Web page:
Press Release
March 10, 2010


Senator Edgardo J. Angara, chair of the Congressional Commission on Science & Technology and Engineering (COMSTE), today said the country's lack of technological capacity is one major reason why we are slipping so rapidly in the competitiveness index.

Speaking at the Workshop for Enhancing Institutional Framework for Public-Private Partnerships (PPPs) in Infrastructure Development sponsored by the SGV& Co. and Ernst and Young, Angara stressed the need for the public and private sector to invest heavily in Research and Development (R&D).

"In order to build a critical mass of scientists, researchers and engineers, we have to modernize and upgrade our facilities and research laboratories and mobilize support for our creative people," Angara said.

He added, "We are a nation of creative people, however, due to lack of support for innovation, they end up working in other countries. The next six years could become the turning point for the Philippines because we are going to enter a new field of competition in an innovation-led economy."

Angara also underscored the significant role of universities in achieving development, "Universities create new knowledge and study their application, nurture and train people to become experts, especially in the wealth-generating field of science, technology and innovation."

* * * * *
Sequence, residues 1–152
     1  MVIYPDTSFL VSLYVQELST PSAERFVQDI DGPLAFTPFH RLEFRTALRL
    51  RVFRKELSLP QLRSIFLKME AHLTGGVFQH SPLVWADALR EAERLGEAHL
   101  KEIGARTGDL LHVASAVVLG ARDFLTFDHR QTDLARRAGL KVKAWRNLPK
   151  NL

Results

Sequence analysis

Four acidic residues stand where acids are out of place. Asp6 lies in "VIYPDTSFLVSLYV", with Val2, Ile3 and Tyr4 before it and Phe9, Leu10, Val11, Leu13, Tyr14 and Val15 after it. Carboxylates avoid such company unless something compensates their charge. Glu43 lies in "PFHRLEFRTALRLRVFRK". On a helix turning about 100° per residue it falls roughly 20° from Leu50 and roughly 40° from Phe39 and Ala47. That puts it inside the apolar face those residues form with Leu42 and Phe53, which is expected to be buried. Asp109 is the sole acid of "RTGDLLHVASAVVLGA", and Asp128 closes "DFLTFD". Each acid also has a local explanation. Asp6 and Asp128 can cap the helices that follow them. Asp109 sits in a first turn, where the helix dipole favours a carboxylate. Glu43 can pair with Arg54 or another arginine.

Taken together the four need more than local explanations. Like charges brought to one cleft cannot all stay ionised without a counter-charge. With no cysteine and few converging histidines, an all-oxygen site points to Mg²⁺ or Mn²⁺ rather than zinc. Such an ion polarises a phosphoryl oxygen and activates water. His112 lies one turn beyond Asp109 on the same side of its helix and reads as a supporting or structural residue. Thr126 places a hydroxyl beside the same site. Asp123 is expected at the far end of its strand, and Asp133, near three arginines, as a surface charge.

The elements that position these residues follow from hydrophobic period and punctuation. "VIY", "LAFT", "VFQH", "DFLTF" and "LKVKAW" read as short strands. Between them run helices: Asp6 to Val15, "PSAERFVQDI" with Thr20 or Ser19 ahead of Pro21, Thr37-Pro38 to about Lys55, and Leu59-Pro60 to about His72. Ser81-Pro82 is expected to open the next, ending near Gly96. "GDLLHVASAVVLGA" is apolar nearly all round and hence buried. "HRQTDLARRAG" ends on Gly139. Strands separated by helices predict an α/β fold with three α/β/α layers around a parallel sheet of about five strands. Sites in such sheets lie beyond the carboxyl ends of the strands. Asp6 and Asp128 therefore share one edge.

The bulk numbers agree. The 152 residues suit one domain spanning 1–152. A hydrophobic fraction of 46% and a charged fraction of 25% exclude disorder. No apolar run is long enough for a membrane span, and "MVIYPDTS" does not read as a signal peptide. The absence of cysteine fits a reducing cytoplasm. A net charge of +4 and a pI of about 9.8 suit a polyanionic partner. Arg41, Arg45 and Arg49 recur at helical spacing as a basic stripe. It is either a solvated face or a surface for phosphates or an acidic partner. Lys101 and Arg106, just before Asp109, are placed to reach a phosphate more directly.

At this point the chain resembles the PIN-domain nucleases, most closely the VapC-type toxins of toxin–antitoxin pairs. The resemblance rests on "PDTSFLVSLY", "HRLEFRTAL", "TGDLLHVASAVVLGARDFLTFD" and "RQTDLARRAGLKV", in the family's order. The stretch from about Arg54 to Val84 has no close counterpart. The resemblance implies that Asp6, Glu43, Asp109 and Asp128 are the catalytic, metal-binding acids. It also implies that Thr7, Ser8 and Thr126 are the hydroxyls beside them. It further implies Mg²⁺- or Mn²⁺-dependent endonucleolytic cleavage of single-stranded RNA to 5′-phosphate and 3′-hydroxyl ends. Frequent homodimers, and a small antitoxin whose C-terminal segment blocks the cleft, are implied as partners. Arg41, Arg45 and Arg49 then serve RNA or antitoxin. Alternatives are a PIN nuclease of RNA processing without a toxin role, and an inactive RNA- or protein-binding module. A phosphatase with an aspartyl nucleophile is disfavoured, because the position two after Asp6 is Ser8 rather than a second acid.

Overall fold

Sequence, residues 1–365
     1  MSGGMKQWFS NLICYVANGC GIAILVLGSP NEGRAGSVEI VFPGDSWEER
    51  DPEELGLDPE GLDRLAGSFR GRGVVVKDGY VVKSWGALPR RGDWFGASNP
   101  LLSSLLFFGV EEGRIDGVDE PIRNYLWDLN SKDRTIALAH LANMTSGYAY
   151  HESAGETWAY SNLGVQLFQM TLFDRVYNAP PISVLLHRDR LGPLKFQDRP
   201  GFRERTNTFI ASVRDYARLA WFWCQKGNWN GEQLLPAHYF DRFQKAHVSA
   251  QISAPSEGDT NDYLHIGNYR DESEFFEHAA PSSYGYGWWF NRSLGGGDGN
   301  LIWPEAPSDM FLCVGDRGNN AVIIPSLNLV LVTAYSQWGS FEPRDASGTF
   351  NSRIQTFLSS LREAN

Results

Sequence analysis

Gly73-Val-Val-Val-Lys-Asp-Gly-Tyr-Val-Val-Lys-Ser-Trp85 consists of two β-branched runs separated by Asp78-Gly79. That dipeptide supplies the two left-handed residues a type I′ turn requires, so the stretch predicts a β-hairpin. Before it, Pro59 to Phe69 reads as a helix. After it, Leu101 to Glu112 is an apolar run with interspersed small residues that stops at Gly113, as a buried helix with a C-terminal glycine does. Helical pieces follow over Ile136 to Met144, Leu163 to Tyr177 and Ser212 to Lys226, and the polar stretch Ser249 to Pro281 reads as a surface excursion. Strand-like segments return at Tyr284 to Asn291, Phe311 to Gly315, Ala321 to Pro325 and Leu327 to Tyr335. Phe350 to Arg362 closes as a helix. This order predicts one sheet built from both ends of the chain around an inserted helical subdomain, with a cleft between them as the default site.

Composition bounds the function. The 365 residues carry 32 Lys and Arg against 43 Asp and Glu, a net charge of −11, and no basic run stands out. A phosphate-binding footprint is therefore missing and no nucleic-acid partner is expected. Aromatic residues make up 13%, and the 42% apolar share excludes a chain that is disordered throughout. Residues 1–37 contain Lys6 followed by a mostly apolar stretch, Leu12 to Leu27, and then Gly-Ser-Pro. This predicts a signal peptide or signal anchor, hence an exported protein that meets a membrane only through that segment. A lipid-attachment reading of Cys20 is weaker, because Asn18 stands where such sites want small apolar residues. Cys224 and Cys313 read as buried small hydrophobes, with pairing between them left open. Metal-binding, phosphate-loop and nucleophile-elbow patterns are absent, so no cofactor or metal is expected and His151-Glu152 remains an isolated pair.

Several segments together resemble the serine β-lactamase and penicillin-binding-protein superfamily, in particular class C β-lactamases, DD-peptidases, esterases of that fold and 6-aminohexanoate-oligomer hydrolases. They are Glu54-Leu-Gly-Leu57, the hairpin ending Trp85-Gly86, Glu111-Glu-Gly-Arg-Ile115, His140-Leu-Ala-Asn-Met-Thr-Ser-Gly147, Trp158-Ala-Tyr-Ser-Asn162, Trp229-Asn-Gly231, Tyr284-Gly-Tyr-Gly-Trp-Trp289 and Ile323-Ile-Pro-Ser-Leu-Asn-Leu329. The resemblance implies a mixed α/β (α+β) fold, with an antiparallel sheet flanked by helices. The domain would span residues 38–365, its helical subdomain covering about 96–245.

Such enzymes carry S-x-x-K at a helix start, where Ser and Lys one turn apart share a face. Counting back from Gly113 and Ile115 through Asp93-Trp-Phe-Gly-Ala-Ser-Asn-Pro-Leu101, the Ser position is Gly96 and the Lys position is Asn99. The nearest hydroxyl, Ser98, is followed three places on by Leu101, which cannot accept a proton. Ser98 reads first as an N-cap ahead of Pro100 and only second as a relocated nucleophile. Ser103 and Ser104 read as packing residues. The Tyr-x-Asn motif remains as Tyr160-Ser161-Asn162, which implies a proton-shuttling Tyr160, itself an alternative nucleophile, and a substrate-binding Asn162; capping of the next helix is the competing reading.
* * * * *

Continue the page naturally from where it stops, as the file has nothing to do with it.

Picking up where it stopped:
He cited the experience of South Korea and China who invested heavily in R&D channeled through universities. "The Philippine government for its part has put up the Engineering Research and Development for Technology (ERDT) Consortium and the Diliman Science Complex and Technology Incubation Park."

COMSTE is composed of 6 Panels for the different S&T and engineering research industries targeted for strategic economic development namely: Agriculture and Food, Electronic & Semiconductors, Energy and Environment, Information & Communications Technology, Health Sciences, and Science, Math and Engineering Education.

Out of 134 countries included in the World Economic Forum's Global Competitiveness Report 2009-2010, the Philippines ranked 87th, a substantial slide from its 71st ranking out of 134 economies in the 2008-2009 Global Competitiveness Index (GCI). In the 2007-2008 GCI, the Philippines was also ranked 71st out of 131 countries.

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